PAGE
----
"An individual under the age of 18 shall be considered disabled for the purposes of this subchapter if that individual has a medically determinable physical or mental impairment, which results in marked and severe functional limitations, and which can be expected to result in death or which has lasted or can be expected to last for a continuous period of not less than 12 months." 42 U.S.C. § 1382c(a)(3)(C)(i). Three steps are involved in determining whether a claimant under the age of 18 is disabled. See 20 C.F.R. § 416.924(a). First, it must be determined whether the claimant under the age of 18 is engaging in substantial gainful activity, and, if she is, she will be found not disabled regardless of her medical condition or age, education or work experience. See 42 U.S.C. § 1382c(a)(3)(C)(ii); 20 C.F.R. § 416.924(b). Second, it must be determined whether the claimant under the age of 18 has a medically determinable impairment that is severe or a combination of impairments that is severe. 20 C.F.R. § 416.924(c). If the claimant does "not have a medically determinable impairment, or [the claimant's] impairment(s) is a slight abnormality or a combination of slight abnormalities that causes no more than minimal functional limitations, " that claimant will be found not disabled. 20 C.F.R. § 416.924(c). If the claimant has a severe impairment(s), the third step is to determine whether the claimant has "an impairment(s) that meets, medically equals, or functionally equals the listings." 20 C.F.R. § 416.924(a). If the claimant has "such an impairment(s), and it meets the duration requirement, " the claimant will be found disabled. 20 C.F.R. § 416.924(a). If the claimant does not have "such an impairment(s), or if it does not meet the duration requirement, " the claimant will be found not disabled. 20 C.F.R. § 416.924(a).
If the claimant has a severe impairment or combination of impairments that does not meet or medically equal any listing, it must be determined "whether it results in limitations that functionally equal the listings." 20 C.F.R. § 416.926a(a). "Functionally equals the listings" means that the claimant's "impairment(s) must be of listing-level severity; i.e., it must result in marked' limitations in two domains of functioning or an extreme' limitation in one domain." 20 C.F.R. § 416.926a(a). The claimant's functioning in the following six domains is considered: (1) "[a]cquiring and using information"; (2) "[a]ttending and completing tasks"; (3) "[i]nteracting and relating with others"; (4) "[m]oving and manipulating objects"; (5) "[c]aring for yourself"; and (6) "[h]ealth and physical well-being." 20 C.F.R. § 416.926a(b)(1).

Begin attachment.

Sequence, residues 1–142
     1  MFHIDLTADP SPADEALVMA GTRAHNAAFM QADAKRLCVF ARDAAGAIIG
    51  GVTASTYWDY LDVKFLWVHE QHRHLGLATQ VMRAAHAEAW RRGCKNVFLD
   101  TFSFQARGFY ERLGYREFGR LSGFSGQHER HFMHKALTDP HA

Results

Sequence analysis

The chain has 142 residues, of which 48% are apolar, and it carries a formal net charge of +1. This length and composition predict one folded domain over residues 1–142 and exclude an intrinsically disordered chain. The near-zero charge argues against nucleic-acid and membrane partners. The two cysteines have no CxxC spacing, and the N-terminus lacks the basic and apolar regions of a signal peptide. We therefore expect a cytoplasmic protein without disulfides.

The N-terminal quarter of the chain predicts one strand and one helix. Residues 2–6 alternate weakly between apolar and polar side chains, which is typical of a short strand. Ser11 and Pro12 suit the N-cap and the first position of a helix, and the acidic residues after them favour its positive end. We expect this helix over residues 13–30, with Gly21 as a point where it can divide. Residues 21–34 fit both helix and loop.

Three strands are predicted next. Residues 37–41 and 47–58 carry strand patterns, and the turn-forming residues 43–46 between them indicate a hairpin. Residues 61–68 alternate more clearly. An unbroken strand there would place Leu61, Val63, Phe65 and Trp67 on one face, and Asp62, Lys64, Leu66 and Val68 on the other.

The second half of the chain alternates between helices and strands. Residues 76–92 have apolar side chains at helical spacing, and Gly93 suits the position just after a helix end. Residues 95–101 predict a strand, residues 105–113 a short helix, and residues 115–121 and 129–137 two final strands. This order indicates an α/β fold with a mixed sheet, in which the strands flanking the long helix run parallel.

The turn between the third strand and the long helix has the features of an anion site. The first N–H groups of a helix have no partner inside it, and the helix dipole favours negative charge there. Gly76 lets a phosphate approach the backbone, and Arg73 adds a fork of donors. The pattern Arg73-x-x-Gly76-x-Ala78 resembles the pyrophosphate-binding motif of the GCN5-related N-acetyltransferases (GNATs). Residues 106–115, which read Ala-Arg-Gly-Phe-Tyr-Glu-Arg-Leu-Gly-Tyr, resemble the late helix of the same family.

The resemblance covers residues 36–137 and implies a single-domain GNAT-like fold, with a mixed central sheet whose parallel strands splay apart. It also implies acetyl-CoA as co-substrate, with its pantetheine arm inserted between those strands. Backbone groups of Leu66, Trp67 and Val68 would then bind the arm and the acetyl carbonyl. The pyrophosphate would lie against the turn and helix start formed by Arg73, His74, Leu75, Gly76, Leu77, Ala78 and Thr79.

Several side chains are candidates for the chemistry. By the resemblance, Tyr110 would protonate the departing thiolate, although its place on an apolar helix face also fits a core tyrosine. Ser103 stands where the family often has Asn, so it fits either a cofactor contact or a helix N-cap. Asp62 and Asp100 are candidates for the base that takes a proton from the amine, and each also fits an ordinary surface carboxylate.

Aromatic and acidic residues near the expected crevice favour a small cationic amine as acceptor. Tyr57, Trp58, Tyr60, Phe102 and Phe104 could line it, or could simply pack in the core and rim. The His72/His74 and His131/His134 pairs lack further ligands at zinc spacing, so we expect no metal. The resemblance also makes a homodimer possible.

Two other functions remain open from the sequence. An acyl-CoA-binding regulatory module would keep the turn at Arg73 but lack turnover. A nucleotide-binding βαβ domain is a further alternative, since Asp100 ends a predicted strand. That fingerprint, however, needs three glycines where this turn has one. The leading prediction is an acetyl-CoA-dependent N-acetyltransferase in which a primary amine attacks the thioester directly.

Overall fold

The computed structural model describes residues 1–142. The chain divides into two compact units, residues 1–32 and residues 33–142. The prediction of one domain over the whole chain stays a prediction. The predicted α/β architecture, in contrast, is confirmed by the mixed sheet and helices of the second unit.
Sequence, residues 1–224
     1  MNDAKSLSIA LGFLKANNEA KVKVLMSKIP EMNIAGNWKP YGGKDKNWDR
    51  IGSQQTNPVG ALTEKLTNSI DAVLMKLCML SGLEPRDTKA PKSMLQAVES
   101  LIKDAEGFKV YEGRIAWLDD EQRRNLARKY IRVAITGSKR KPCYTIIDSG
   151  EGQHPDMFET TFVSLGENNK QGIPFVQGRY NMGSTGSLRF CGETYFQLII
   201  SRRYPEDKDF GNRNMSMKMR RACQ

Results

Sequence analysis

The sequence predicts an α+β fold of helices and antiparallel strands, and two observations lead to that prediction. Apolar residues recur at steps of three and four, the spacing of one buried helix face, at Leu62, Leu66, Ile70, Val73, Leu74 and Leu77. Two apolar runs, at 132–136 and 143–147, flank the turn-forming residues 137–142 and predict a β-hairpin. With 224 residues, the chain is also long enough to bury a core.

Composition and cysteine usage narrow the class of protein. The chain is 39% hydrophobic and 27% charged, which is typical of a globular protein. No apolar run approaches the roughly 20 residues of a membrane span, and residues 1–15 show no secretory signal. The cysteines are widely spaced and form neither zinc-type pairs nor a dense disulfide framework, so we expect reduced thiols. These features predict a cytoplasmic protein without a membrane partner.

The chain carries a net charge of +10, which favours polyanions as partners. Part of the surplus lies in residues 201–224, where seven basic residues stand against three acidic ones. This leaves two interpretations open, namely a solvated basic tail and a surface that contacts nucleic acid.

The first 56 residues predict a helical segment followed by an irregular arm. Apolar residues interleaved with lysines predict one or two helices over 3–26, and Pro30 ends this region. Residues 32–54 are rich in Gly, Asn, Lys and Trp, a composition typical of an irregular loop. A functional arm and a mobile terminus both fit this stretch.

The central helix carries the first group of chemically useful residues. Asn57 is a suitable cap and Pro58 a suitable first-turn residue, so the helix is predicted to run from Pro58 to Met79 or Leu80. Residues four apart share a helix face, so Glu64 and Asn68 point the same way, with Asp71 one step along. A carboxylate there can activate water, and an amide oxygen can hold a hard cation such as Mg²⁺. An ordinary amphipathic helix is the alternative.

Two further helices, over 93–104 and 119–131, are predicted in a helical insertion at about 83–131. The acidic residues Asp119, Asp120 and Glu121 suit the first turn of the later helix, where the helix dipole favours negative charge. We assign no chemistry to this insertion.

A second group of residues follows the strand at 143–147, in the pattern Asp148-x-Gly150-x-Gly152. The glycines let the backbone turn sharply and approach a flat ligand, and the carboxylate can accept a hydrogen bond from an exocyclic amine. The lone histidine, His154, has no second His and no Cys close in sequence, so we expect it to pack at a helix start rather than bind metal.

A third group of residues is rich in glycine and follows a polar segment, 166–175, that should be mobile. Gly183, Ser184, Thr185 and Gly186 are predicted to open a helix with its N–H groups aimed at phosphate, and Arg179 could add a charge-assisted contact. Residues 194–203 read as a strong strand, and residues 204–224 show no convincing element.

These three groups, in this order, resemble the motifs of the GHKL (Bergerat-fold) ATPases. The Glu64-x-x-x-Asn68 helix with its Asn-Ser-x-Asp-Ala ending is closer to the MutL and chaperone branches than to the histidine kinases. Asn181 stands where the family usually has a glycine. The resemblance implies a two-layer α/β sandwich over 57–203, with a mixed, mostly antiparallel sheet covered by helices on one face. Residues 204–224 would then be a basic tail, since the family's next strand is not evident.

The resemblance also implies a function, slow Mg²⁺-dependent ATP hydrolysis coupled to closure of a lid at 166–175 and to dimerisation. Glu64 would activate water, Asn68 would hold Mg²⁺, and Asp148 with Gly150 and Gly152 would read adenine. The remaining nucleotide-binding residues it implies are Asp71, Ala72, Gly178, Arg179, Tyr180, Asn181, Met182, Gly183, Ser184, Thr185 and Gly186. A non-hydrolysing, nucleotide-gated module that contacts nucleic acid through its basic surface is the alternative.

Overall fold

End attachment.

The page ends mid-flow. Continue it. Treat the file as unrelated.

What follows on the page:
When determining whether the claimant has a marked or an extreme limitation, the claimant's "functional limitations resulting from all of [the claimant's] impairments, including their interactive and cumulative effects" are considered based on all the relevant information in the case record. 20 C.F.R. § 416.926a(e)(1)(i). A finding of marked limitation is made when the claimant's "impairment(s) interferes seriously with [the claimant's] ability to independently initiate, sustain, or complete activities." 20 C.F.R. § 416.926a(e)(2)(i). "Marked' limitation also means a limitation that is more than moderate' but less than extreme.'" 20 C.F.R. § 416.926a(e)(2)(i). A finding of an extreme limitation will be made when the claimant's "impairment(s) interferes very seriously with [the claimant's] ability to independently initiate, sustain, or complete activities." 20 C.F.R. § 416.926a(e)(3)(i). "Extreme' limitation is the rating [given] to the worst limitations, " but it "does not necessarily mean a total lack or loss of ability to function." 20 C.F.R. § 416.926a(e)(3)(i).
Application of Legal Standard
Upon careful review of the record, the Court finds that the ALJ followed properly the three-step sequential analysis required to be followed when making a disability determination, and analyzed properly the six domains in determining whether B.R.C.'s functional limitations caused by her impairment are the functional equivalent to the functional limitations of a listed ...